Before trying to comprehend whether the $14,840,000 paid at Sotheby's New York auction for the three Alfa Romeo BAT cars, a series of masterpieces by Bertone and designer Scaglione from the 1950s, is a lot or a little, we wanted to ask some important international collectors what they thought about the decision to sell the cars as works of art. And to sell them at what is, arguably, the most important auction of the year alongside paintings and sculptures by some of the most important names in modern art.
1953. Nuccio Bertone and Franco Scaglione. Alfa Romeo B.A.T. 5
All the collectors who responded found the idea interesting for several reasons: firstly, it’s confirmation that some cars, the ones that are rare for the low numbers of examples produced or their technical-stylistic attributes, are beyond the normal collecting market. Secondly, this choice sends out a message of respect for what the car represents within our culture. Third, this new reality obliges collectors to adopt uncompromising standards in the methods they use to restore and conserve cars of particular value. Finally, it expands the collecting market beyond today’s very specific confines of passion.
It is also interesting to imagine that this new horizon could very well lead, as is the case of works of art, to tax benefits such as the non-taxation of surplus value, which would most definitely spur on the collection of excellence.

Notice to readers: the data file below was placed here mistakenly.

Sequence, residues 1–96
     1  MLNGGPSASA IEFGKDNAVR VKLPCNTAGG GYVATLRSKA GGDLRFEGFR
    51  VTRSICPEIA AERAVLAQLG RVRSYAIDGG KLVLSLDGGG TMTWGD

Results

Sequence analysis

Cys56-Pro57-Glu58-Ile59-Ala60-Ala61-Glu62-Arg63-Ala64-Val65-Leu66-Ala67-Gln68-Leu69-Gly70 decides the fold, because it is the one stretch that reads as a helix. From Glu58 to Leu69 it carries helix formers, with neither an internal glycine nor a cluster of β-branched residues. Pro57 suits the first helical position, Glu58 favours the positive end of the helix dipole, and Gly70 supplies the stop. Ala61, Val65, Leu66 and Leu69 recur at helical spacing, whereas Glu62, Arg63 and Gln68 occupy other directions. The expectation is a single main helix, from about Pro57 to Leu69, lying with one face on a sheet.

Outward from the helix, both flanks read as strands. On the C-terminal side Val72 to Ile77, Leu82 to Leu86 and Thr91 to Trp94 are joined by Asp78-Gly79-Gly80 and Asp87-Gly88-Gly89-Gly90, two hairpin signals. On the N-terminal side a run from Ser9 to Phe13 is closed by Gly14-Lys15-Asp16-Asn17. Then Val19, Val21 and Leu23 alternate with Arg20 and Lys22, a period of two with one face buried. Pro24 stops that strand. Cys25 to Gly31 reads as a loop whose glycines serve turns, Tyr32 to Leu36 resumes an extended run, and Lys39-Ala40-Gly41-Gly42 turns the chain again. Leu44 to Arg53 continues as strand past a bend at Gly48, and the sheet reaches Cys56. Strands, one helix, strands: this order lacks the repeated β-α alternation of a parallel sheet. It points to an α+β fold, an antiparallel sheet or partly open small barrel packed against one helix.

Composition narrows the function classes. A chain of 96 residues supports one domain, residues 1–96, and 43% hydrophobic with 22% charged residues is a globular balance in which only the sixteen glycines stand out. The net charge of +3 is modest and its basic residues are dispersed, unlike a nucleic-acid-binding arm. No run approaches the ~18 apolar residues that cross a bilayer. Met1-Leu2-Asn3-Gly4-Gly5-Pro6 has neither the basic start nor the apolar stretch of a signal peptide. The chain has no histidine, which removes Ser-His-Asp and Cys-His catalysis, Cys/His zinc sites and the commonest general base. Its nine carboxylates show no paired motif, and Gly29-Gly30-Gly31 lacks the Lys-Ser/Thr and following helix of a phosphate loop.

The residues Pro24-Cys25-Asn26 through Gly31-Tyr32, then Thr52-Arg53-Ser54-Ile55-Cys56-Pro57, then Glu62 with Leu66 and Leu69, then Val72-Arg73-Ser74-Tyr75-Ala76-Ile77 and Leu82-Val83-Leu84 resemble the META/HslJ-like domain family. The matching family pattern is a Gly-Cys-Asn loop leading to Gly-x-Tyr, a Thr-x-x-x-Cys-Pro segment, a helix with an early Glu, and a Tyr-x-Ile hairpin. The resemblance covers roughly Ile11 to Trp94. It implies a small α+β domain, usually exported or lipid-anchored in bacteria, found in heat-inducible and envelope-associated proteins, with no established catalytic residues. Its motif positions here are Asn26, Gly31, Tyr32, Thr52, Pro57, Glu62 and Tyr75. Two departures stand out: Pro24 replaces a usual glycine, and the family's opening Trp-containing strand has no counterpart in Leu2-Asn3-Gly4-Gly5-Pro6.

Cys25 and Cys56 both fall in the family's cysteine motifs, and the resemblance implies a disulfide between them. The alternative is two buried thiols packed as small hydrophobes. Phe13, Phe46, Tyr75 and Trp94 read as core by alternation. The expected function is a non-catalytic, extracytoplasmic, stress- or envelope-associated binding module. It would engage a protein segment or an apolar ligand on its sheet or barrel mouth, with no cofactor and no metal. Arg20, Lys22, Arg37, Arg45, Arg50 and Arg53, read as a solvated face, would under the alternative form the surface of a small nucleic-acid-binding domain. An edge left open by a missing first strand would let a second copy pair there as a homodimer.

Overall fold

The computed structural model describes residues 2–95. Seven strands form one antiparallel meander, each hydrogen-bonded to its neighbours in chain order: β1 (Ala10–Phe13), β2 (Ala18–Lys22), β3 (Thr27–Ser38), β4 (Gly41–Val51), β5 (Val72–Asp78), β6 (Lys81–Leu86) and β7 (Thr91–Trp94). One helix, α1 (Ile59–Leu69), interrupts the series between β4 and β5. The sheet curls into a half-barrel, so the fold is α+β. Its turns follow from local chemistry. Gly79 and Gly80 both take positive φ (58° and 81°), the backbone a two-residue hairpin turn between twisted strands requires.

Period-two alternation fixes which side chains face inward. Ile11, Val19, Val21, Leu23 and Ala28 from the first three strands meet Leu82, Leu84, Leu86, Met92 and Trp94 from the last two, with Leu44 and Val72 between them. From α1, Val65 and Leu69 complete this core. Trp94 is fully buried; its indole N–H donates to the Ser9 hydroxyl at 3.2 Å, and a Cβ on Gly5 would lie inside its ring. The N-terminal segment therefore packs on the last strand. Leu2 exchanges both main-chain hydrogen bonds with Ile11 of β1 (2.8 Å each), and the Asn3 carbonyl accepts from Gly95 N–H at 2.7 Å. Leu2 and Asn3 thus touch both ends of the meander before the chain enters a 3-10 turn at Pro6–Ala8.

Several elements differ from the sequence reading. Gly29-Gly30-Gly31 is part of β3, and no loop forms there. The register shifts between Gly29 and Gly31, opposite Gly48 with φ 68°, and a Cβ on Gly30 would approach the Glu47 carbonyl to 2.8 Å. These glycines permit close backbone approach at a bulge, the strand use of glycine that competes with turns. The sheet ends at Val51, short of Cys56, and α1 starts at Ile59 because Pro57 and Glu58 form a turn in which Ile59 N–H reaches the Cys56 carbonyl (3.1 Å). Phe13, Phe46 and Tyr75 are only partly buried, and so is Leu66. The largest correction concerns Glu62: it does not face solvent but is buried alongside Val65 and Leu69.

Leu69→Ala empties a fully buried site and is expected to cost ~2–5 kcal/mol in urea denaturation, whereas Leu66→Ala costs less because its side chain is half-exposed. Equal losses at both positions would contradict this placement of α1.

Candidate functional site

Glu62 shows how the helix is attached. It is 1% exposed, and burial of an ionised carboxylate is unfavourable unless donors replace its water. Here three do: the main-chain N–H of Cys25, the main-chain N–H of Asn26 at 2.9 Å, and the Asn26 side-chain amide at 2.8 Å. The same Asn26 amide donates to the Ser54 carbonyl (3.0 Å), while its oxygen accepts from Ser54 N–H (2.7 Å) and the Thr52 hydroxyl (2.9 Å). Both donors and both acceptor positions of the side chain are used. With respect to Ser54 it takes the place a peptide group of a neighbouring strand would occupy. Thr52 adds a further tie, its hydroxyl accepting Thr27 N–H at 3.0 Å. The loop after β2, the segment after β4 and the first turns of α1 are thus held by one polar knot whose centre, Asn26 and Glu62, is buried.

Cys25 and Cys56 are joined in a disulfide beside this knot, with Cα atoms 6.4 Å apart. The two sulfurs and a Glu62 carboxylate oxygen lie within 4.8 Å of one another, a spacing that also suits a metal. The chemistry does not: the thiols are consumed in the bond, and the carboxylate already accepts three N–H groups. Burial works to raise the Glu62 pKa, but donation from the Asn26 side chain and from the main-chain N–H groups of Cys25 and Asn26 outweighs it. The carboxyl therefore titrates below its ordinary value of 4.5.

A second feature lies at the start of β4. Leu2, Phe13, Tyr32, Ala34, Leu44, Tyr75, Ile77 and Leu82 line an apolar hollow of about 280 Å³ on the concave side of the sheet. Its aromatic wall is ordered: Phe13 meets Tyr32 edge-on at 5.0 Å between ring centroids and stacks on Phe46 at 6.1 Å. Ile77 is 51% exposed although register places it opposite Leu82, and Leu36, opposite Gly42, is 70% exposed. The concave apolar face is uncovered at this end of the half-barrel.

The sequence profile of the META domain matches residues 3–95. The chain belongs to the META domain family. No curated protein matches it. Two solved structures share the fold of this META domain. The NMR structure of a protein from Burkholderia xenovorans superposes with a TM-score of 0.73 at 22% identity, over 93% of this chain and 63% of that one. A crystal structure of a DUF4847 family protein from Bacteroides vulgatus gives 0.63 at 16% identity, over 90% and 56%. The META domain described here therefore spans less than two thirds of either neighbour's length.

1954. Nuccio Bertone and Franco Scaglione. Alfa Romeo B.A.T. 7
Regarding the fact that the audience at an art auction is different from a car auction, opinions on the subject were divided. There are those who believed that a rivalry between great collectors, in front of other collectors, could have provoked a battle with bids and counter bids ending up in a final applause. Others thought that the price, no doubt conditioned by the moment we are living in, was correct or not too far below the right one.
1955. Nuccio Bertone and Franco Scaglione. Alfa Romeo B.A.T. 9
Everyone hopes that the three cars, like a Renaissance triptych, will remain united and, above all, visible. The dream of seeing them at the Alfa Museum is one of many.
In conclusion, is $14,840,000 a lot or a little? We’ll leave that to your own judgment: the top lot of the auction was a Giacometti bronze which sold for $25.9 million followed by a magnificent Van Gogh at $16,235,000 and a de Chirico for $15,890,000. Then the Alfa Romeo BAT cars at just under $15m, firmly ahead of Picasso, Basquiat, Magritte and other illustrious names. Interesting, very interesting.
$14,840,000 for a very special “triptych”
CLASSIC CAR MATCHER